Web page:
They crossed the clearing, Gaby ready with the Schmeisser and Michael sniffing the air. He smelled hay, burned grass, the apple-wine fragrance of Gaby's hair, but no odor of sweating skin that might've meant soldiers hiding in ambush. as Michael followed Gaby into the ruined farmhouse, he caught just a hint of a strange oily smell; a metallic odor, he thought. Oil on metali She led him through the tangle of broken timbers and stones to a heap of ashes. He found the oily metal smell again, around this ash pile. Gaby knelt down and inserted her hand into the ashes; Michael heard the hinges of a little compartment open. The ashes were not all entirely ashes, but a cleverly painted and arranged mass of camouflaged rubber. Gaby's fingers found an oiled flywheel, which she turned to the right several revolutions. Then she drew her hand out, and Michael heard the noise of latches being unbolted under the farmhouse floor. Gaby stood up. a hatch smoothly lifted, the rubber ashes piled on top of it. Oil gleamed on metal hinges and gears, and there were wooden steps descending into the earth.
"Entrez," a dark-haired, sallow young Frenchman said, and motioned Michael down the stairs into, literally, the underground.
Michael entered the hatch, with Gaby following right behind him. another man, this one older, with a grizzled gray beard, was standing in the passageway ahead, holding a lantern. The first man closed the hatch and spun the flywheel shut from the inside, then threw three latches. The corridor was narrow and low-ceilinged, and Michael had to crouch as he followed the man with the lantern.
Then they came to another descending stairway, this one made of stone. The earthen walls were chunks of rough, ancient rock. at the bottom of the steps was a large chamber and a series of corridors snaking off in different directions. Some kind of medieval fortress, Michael assumed. Light bulbs hung from cables overhead and gave off a dim glow. From somewhere else came whirring noises, like sewing machines at work. On a large table in the chamber, laid out under the light bulbs, was a map; Michael approached it, and saw the streets of Paris. Voices swelled, people talking in another room. a typewriter or coding machine clacked. an attractive older woman came into the chamber with a file folder, which she deposited in one of several filing cabinets. She glanced quickly at Michael, nodded at Gaby, and went back to her business.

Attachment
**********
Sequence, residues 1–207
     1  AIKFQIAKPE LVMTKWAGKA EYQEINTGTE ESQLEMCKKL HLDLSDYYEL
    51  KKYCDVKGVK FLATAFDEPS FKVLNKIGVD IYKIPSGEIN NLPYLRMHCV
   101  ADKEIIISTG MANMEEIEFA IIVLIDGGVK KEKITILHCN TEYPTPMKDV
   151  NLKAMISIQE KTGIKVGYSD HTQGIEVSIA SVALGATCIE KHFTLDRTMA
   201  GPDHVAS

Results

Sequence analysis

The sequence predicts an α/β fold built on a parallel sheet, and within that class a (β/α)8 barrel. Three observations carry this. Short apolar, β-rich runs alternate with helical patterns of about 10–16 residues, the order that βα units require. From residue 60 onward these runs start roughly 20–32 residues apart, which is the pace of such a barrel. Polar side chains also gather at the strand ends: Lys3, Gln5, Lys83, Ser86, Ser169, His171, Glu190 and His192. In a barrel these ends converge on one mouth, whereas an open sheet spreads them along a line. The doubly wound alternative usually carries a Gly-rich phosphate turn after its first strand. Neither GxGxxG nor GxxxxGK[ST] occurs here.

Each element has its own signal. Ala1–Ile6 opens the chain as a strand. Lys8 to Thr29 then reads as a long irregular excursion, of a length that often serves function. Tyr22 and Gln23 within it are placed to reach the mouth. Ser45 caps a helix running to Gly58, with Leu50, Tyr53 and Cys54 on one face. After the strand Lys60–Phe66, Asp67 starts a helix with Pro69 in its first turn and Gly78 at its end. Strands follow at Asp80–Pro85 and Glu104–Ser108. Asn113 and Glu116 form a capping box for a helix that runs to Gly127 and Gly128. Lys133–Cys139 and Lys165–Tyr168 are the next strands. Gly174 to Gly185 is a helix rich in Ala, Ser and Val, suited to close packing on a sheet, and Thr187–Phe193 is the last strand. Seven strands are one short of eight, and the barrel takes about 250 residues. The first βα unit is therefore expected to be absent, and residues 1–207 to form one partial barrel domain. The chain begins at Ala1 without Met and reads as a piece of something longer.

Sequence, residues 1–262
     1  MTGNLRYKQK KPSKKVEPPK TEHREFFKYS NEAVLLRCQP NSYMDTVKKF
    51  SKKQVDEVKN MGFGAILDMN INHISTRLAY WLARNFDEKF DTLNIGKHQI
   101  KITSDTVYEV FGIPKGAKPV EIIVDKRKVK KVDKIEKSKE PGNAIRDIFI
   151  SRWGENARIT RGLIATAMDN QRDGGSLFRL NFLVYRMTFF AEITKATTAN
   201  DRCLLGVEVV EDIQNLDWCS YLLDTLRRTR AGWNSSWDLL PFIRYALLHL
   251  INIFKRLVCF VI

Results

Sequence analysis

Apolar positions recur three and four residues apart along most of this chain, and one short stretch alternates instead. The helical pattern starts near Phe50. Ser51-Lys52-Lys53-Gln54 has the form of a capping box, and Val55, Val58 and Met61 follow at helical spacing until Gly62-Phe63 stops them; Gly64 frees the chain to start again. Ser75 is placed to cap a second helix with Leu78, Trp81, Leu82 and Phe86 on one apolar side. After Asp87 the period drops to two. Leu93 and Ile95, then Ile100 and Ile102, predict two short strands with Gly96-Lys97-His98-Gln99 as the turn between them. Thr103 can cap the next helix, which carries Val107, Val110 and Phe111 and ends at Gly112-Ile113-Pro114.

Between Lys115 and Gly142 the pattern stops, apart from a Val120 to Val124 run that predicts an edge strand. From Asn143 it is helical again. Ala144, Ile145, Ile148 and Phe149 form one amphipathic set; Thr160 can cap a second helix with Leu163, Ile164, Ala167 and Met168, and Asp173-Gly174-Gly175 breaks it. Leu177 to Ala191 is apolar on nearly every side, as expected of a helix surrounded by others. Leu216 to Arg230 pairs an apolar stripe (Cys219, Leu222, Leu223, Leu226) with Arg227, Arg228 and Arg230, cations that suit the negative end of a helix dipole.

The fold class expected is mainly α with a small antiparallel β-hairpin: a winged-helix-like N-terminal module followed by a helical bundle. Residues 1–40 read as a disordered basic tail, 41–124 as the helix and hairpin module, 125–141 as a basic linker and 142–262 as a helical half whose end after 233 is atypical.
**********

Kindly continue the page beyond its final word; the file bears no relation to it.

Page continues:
"Well, laddie," someone said in English, a voice like the rasp of a handsaw, "you ain't a Scotsman, but you'll have to do."
Michael had heard heavy footsteps a few seconds before the voice, so he wasn't startled. He turned, and faced a red-bearded giant in a kilt.
"Pearly McCarren, at your service," the man said, with a rolling Scots burr that made spittle and steam fly out of his mouth into the chilly underground air. "King of Scottish France. Which is from that wall to the one yonder," he added, and brayed with laughter. "Hey, andre!" he said to the man who'd carried the lantern. "How about breakin' out a good glass o' wine for me and me guest, ehi" The man left the room through one of the corridors. "That's not really his name," McCarren told Michael, holding his hand to his mouth as if he were confiding a secret, "but I canna pronounce most of their monickers, so I call 'em all andre, ehi"
"I see," Michael said, and had to smile.
"You had a little problem, didn't yai" McCarren turned his attention to Gaby. "Bastards been chewin' up the radio for the last hour. They almost clip your tailsi"